The recent determination of the atomic structure of an archaeal NCX homologue, denoted NCX_Mj (Fig. 1 B), opened an avenue to begin to establish the relationship between structure and function in this class of transporters (Liao et al., 2012). NCX_Mj lacks the cytosolic regulatory domains found in mammalian NCX, but many of the features of its transmembrane domain suggest that it is a plausible model system of the structural and functional unit that catalyzes Na+/Ca2+ antiport in this family (Liao et al., 2012, 2016; John et al., 2013). This notion has been substantiated by subsequent biochemical, functional, and computational studies (Almagor et al., 2014; Marinelli et al., 2014; Barthmes et al., 2016; Liao et al., 2016). This progress notwithstanding, the hallmark functional characteristic of mammalian NCX, namely the 3Na+:1Ca2+ ion-exchange stoichiometry, has not yet been conclusively demonstrated for NCX_Mj.

The initial crystal structure of NCX_Mj, captured in an outward-facing conformation (Fig. 1 B), revealed four putative ion-binding sites deep inside the protein (Fig. 1 C), in a region of high sequence conservation within the NCX family (Liao et al., 2012). Electron density signals in the so-called Sint, Smid, and Sext sites were originally assigned to three Na+ ions, while one Ca2+ was placed in the fourth site, or SCa, based on the detection of an anomalous scattering signal (Liao et al., 2012). Although consistent with the expected 3Na+:1Ca2+ stoichiometry, this assignment was later reevaluated based on subsequent computational and biochemical studies (Marinelli et al., 2014) and additional structural work (Liao et al., 2016). It is now believed that Na+ ions bind to Sint, Sext, and SCa; the latter is thus the site for which Ca2+ and Na+ directly compete. In this view, the remaining site, Smid, is occupied by a water molecule, not an ion (Marinelli et al., 2014; Liao et al., 2016).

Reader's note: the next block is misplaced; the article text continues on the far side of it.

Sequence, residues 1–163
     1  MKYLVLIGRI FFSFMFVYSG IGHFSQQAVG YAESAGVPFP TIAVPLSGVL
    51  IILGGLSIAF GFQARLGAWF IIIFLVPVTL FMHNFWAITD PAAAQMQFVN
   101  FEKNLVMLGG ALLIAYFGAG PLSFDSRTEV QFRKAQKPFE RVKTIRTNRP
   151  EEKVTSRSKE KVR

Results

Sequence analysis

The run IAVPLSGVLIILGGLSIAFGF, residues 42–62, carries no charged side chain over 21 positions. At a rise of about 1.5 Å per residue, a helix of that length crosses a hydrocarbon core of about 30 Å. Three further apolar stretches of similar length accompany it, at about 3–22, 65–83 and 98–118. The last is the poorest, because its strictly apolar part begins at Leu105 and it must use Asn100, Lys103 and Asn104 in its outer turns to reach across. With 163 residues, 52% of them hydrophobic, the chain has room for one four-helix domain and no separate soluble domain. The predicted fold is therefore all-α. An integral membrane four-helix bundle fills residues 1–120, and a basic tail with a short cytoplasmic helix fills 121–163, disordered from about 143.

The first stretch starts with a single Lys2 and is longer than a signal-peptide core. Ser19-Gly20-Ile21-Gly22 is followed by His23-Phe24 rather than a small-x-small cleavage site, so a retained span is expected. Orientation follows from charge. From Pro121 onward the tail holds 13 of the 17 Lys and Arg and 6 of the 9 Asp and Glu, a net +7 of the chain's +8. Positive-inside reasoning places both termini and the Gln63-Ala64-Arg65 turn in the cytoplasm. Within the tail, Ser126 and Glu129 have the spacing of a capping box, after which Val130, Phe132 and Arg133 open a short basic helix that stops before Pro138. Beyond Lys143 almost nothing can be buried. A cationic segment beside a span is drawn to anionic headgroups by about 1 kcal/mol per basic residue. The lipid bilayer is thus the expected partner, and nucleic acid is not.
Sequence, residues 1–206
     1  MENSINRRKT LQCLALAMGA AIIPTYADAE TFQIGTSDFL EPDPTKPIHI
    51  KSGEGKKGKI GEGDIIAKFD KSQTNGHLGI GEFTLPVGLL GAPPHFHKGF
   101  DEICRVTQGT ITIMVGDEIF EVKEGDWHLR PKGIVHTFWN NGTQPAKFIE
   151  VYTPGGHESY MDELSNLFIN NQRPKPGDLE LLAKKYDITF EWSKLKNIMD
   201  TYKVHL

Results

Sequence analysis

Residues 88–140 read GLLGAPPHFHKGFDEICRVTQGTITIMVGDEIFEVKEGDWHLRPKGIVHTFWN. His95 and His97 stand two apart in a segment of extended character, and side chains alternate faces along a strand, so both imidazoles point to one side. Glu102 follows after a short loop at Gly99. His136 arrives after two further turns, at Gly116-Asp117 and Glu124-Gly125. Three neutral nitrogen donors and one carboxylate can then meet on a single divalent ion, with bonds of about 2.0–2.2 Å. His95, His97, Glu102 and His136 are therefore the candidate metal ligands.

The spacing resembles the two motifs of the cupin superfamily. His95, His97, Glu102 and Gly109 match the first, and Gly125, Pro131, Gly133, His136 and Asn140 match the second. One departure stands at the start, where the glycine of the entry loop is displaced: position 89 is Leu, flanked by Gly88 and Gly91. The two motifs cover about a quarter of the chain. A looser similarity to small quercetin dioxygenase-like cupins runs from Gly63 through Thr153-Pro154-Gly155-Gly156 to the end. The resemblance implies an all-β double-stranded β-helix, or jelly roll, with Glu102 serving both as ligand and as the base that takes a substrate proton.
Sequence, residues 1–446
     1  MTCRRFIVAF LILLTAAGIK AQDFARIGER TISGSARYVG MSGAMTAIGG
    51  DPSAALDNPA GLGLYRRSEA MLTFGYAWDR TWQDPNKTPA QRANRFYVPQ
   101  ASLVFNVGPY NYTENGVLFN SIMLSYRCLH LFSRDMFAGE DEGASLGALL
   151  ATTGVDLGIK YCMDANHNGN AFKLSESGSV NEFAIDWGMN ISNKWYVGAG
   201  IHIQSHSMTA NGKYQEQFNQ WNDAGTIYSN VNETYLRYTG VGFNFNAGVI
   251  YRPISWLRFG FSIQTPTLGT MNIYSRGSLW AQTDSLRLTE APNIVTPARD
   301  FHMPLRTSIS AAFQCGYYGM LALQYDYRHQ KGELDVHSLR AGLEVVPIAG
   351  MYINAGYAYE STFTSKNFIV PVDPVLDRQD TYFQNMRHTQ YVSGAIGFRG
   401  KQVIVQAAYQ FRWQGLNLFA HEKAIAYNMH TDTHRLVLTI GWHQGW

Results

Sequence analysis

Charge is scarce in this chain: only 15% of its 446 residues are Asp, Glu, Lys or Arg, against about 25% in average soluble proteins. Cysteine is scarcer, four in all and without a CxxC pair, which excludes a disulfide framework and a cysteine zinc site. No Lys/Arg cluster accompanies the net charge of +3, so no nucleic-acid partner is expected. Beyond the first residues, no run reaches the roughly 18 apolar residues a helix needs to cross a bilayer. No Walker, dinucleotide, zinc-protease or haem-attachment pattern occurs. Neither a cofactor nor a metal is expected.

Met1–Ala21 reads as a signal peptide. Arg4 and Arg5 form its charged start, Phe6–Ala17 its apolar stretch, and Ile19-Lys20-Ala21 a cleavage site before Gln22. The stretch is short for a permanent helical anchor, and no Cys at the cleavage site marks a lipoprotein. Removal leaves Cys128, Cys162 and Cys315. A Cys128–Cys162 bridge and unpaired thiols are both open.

Although this more recent interpretation is again compatible with the antiport stoichiometry of mammalian NCXs, the experimental data obtained to date have been inconclusive. For example, the results of existing crystallographic studies are not unequivocal in that Na+ and water are not distinguishable at the resolution of the data. In principle, measurements in which Na+ is gradually soaked out from the crystallographic buffer can be useful to conclusively reveal whether this ion is responsible for a given electron-density signal at a specific site. Indeed, for outward-facing NCX_Mj, such experiments showed that Sext is highly sensitive to Na+ depletion, demonstrating that this site binds Na+ (Liao et al., 2016). However, the electron-density signals in SCa and Sint are fairly insensitive to Na+ depletion, as is that for Smid; these signals change significantly only when Ca2+ is introduced, competing out Na+. Thus, the hypothesis that Na+ does not occupy Smid is not conclusively ruled out by the crystallographic data, raising the possibility that the stoichiometry of ion exchange in NCX_Mj is 4Na+:1Ca2+, rather than 3:1.

Indeed, the amino acid composition of the ion-binding sites in NCX_Mj hints at this possibility. Intriguingly, the Smid site in this exchanger is formed in part by an acidic side-chain, Asp240, which is an asparagine in all mammalian NCXs. An aspartate at this position is one of the distinguishing features of the family of potassium-dependent sodium–calcium exchangers (NCKX), which are also members of the superfamily of Ca2+/cation exchangers to which NCXs belong (Altimimi et al., 2013). NCKXs are thought to be structurally very similar to NCXs, but they typically transport four Na+ in exchange for one Ca2+ and one K+ (Szerencsei et al., 2013). Functional studies of NCX_Mj suggest that its activity is not coupled to K+ because the Na+/Ca2+ antiport rate is not influenced by a K+ gradient (Liao et al., 2012) and because the Asp240Asn mutant is fully functional (Marinelli et al., 2014). However, these findings do not necessarily rule out that Asp240 facilitates binding of a fourth Na+ ion to the Smid site in the wild-type protein. In NCKX2, asparagine substitution of Asp575 (equivalent to Asp240) renders the transporter K+ independent, but its Na+/Ca2+ antiport activity remains (Kang et al., 2005). It appears, therefore, that the precise specificity of the different families of Ca2+/cation exchangers (which also include H+/Ca2+ antiporters) results from subtle changes in the amino acid composition of the ion-binding region, rather than from large architectural differences (Refaeli et al., 2016). Thus, considerable ambiguity remains regarding the coupling stoichiometry of NCX_Mj antiport, an essential parameter that must be determined to begin to relate the structure and function of this class of proteins.